The only species that I've seen wild is the black bear. Grizzlies have such a limited range in the lower 48 states, that a chance of seeing one largely depends on visiting one of their few strongholds. My earliest meetings with black bears occurred in the Great Smoky Mountains National Park. Some of our camping trips during the 1960s and 70s included this area, and bear sightings were guaranteed. Black bears were numerous, and they were adaptable enough to learn that plenty of junk food was available along the roads and in the garbage dumps. These bears were better at panhandling than the intersection pros here in Austin and were invariably fat, bold, and covered with mange. A ranger explained that the poor quality of their diet caused the patchy brown spots and hair loss that we saw on all these animals. A more memorable encounter with one of the resident Smoky Mountains bears took place one night in a campground. We never actually saw the bear because we were too scared to look, but the sound of a HUGE animal sniffing around our tent was rather unforgettable. Just imagine how it sounds when raccoons and skunks are foraging in your campsite, then multiply that by 20-fold. It was better than the best campfire ghost stories. The very next day, the rangers were in the area to trap a nuisance bear, reported as spending too much of its time in the campgrounds.
Better bear sightings would come when Larry and I made trips to the San Juan National Forest, in Colorado.
On our first trip, we camped near Silverton, in the national forest's South Mineral Campground. There were several trails starting at this area that led into the surrounding peaks. Sometimes Larry and I would take off in separate directions just because of our individual interests. One late afternoon, I thought I would check out a steep switchback trail that led up to the intriguingly named Ice Lakes. I took the dog, and the hike was exhausting, interesting, rewarding, and just as beautiful as all the other hikes we've taken in the mountains. On the way back down, Frisky suddenly dropped back from pulling at the end of her leash. In fact, I almost tripped over her. She put her tail between her legs and started to SLINK. I'd never seen her act that way, and was pondering what might be her problem, when I rounded yet another of the dozens of switchback turns. There, straight ahead and just beyond the next turn in the trail, was a large black bear, calmly munching on some tender fresh grass. I got the camera out and took a photo. The bear didn't seem to be ready to move on anytime soon, but it was an almost comfortable distance from the trail. It was getting late, and I wanted to get back to camp. So, with heart racing far faster than it had from walking uphill at 10,000 feet, I quietly dragged the dog along the trail towards the bear, which cooperatively walked off a bit. As soon as we made the turn and started to head away from the beast, Frisky resumed pulling on the leash with an intensity she has rarely matched, even when chasing after rabbits or squirrels. She was quite eager to put as much distance between herself and that frightening ursine animal as she possibly could.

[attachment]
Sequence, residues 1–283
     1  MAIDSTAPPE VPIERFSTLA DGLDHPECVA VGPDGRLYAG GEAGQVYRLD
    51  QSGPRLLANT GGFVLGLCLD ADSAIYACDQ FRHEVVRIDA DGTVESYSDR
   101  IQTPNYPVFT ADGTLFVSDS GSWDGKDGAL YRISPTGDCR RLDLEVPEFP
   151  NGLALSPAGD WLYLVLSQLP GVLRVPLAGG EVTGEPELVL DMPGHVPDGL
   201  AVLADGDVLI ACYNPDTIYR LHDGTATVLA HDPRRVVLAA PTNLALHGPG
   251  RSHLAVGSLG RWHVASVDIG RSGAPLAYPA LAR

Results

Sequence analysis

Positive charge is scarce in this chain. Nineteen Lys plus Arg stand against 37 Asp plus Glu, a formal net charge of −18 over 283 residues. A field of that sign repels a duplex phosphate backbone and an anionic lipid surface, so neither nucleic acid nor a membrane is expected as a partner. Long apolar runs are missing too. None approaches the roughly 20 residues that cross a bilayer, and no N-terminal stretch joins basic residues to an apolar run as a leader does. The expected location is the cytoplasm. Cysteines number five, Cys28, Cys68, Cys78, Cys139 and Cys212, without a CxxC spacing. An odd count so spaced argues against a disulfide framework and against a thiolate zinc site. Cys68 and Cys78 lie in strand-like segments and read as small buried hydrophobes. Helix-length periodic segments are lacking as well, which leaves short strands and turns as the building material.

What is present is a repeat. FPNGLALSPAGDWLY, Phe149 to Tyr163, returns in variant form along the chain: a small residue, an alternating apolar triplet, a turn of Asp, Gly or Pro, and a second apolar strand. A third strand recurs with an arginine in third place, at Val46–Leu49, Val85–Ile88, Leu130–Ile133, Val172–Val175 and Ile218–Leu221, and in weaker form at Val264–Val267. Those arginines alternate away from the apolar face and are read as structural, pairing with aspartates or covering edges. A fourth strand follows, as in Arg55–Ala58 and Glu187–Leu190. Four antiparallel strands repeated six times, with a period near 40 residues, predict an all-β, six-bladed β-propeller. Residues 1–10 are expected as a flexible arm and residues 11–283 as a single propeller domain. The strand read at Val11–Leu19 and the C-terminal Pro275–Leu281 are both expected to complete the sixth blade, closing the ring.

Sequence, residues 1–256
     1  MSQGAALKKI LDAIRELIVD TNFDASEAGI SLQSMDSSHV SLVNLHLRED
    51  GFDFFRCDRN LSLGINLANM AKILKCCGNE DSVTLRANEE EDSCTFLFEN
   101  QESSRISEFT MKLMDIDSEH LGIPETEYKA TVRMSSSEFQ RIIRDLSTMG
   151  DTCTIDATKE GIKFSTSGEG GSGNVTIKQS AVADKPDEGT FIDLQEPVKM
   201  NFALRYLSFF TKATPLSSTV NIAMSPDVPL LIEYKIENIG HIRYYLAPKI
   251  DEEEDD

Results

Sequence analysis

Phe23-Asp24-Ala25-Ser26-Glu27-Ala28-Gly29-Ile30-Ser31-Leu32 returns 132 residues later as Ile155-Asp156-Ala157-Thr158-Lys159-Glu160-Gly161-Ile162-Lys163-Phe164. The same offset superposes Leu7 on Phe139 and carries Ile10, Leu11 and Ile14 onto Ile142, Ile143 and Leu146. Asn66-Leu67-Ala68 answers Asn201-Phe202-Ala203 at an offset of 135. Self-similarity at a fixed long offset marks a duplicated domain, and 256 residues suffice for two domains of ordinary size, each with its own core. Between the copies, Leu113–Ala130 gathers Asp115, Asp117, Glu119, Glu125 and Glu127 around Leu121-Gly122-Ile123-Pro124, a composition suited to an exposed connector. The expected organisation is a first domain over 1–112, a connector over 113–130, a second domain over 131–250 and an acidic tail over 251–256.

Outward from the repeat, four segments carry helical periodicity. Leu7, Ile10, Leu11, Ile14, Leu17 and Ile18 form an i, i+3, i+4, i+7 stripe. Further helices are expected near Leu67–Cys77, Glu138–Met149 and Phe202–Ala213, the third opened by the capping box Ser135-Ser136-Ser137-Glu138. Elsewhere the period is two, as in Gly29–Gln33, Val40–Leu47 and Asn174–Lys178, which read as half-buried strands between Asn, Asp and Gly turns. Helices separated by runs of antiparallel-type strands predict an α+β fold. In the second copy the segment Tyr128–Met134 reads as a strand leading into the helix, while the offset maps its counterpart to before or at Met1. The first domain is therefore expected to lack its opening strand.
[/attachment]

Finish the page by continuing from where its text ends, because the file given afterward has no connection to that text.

We made a couple more vacation trips to the same area in Colorado. One of our favorite pastimes was to park along the side of a gravel road that overlooked a large valley. On one side of the road, the slope up was steep and covered with small trees, while, in the other direction, there was nothing but a rocky cliff outcropping which dropped away giving a clear panoramic view of a small stream meandering through the tall, lush grasses. In the evening, we might be lucky enough to see elk as they came out of the surrounding forest to graze in the meadow. We also thought we might see more exotic beasts, such as bears or cougars. Earlier hikes in the area revealed that bears were certainly present, as we saw their fresh and unmistakable tracks.
After a strenuous day of hiking, it was relaxing to sit quietly in the car (used as a moveable blind) and observe the natural events unfolding around us as evening approached. We used binoculars and even the telephoto zoom lens of my camera to aid our viewing. One such session had produced nothing more than a lone elk wandering along the creek and a few marmots scampering on the rocks. No other wildlife deigned to make an appearance, and so we started up the car and began to leave the valley. Only seconds after driving forward, we were very startled to see a bear, just on the uphill side of the road, staring into our car window. It had been about to cross the road to the valley, and if we'd just been a bit more patient, we could have witnessed its progress right out in the open. As it was, the close encounter, however brief, was still rather breathtaking.